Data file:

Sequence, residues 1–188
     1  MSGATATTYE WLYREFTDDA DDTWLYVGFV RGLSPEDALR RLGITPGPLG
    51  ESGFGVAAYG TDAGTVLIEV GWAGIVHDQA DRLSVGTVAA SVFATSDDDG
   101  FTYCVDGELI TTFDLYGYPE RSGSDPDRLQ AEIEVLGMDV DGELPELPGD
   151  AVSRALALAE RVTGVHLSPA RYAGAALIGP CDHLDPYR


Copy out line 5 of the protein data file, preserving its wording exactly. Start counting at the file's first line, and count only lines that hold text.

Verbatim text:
   151  AVSRALALAE RVTGVHLSPA RYAGAALIGP CDHLDPYR